Sometimes finding a taxi in Beijing can be frustrating. It’s safe to say that we’ve all been turned down by drivers multiple times. We've had empty taxis pass us by, been inexplicably shunned by drivers and had countless Didi requests ignored.
We're decent paying customers. So why are Beijing’s taxi drivers passing us by?
According to the first large-scale study of Beijing’s taxi drivers this isn’t just bad luck, Science reports. There is likely a very good reason taxi drivers turn us down: profit.
Over 12,000 taxi drivers in the capital volunteered to participate in the study, which was conducted by Sihai Zhang and Zhiyang Wang, computer scientists at the University of Science and Technology of China in Hefei. Their goal was to identify the reasons why taxi drivers practice what the researchers call "passenger avoidance" – turning down paying customers.
The drivers handed over GPS records from a two month period, resulting in over two billion lines of data. At first glance, the information revealed nothing more than the beginning and end points of taxis' trips. However, after pouring over the data, the researchers speculated that some drivers were picking and choosing their customers very carefully.
Unsurprisingly, drivers tend to gather in crowded places (e.g. train stations or stadiums) where there is a higher likelihood of someone needing a ride. However, the data also revealed that some shifus appear to be picky about the destinations they were willing to take passengers to.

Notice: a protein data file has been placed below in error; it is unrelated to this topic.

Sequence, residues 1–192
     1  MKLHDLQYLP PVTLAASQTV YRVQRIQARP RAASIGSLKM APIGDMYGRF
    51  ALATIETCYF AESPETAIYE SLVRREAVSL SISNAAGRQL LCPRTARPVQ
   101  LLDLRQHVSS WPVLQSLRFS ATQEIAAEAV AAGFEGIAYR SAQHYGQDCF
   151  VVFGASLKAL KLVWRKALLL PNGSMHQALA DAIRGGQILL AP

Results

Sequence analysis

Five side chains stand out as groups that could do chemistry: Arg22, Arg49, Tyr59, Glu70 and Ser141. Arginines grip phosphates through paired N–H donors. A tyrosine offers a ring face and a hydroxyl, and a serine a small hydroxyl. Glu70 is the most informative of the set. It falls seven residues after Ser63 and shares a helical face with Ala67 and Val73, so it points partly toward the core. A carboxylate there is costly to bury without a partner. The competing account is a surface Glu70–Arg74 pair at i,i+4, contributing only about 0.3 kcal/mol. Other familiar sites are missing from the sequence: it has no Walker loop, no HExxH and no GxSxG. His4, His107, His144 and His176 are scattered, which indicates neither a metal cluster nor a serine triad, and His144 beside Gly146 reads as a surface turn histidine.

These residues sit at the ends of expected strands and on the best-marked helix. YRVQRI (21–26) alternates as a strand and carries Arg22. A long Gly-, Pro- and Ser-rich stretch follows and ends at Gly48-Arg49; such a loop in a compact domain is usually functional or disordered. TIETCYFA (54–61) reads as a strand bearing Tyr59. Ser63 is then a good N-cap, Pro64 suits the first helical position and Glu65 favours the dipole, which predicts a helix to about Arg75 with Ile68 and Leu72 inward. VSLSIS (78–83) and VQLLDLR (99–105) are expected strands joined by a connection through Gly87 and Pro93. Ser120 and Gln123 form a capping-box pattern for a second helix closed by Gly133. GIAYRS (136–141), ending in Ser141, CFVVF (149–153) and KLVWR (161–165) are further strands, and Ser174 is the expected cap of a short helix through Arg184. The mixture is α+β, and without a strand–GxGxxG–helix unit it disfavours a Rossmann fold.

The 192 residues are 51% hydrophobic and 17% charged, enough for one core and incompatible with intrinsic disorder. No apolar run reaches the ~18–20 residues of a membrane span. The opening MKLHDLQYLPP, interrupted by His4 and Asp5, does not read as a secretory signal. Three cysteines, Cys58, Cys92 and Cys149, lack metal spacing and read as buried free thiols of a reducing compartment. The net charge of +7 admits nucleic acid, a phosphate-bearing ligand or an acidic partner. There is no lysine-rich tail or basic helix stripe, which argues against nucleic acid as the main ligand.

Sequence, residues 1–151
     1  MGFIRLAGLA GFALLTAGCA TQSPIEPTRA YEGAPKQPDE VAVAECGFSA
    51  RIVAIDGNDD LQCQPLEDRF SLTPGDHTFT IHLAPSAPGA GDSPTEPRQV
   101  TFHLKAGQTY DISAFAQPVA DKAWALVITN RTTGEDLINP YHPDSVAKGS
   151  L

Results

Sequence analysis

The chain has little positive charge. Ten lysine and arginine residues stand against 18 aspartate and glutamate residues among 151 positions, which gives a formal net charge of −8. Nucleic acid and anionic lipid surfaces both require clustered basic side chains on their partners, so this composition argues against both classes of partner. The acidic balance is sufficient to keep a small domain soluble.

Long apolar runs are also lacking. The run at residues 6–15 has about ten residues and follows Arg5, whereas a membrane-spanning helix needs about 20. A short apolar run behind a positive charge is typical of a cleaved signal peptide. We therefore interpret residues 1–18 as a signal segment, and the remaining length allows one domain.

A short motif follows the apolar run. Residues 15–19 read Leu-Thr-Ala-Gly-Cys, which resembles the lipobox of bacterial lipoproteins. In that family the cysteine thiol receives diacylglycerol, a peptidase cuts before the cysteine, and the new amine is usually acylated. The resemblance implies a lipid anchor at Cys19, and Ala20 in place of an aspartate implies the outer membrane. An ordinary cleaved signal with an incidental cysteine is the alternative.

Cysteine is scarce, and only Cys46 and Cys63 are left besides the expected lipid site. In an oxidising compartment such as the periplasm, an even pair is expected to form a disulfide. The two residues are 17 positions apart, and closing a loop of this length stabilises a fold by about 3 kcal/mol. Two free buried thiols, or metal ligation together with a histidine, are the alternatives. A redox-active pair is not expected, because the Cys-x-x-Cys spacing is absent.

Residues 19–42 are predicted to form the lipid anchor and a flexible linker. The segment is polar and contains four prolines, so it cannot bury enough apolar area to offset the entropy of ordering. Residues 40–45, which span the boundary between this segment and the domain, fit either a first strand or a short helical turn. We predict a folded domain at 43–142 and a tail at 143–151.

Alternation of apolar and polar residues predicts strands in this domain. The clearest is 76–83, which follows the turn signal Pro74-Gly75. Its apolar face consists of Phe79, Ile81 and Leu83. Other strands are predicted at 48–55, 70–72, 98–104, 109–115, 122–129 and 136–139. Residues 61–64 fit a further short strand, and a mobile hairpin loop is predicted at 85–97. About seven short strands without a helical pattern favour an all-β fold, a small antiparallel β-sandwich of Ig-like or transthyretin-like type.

Drivers were far more likely to take people from one crowded area to another, and far less likely to travel to an unpopulated part of town. From this, Zhang and Wang speculated that these drivers were actually turning down paying customers in order to seek out those traveling to more popular areas.
But is it a profitable strategy?
Well, it turns out these drivers might be on to something. The researchers calculated that the top 25 percent of Beijing taxi drivers were earning an average of USD$80 a day – not too shabby. However, the bottom 25 percent were only making about USD$8 a day.
When comparing the journeys taken by these two groups, the researchers concluded that the highest-earning drivers were those who were picky about choosing customers. Drivers who mainly travel between crowded destinations rake in much more money than those who pick up any old customer.
Top-earning taxi drivers in Beijing turn down one in every 12 potential customers. To put this in perspective, the researchers estimate that these drivers turn down USD0.75 with each rejected passenger. But this gamble appears to be paying off.
Car-hailing apps werren't included in the study (which, although published this month, was conducted in 2012). But similar strategies are likely to apply, so we all better get used to rejection.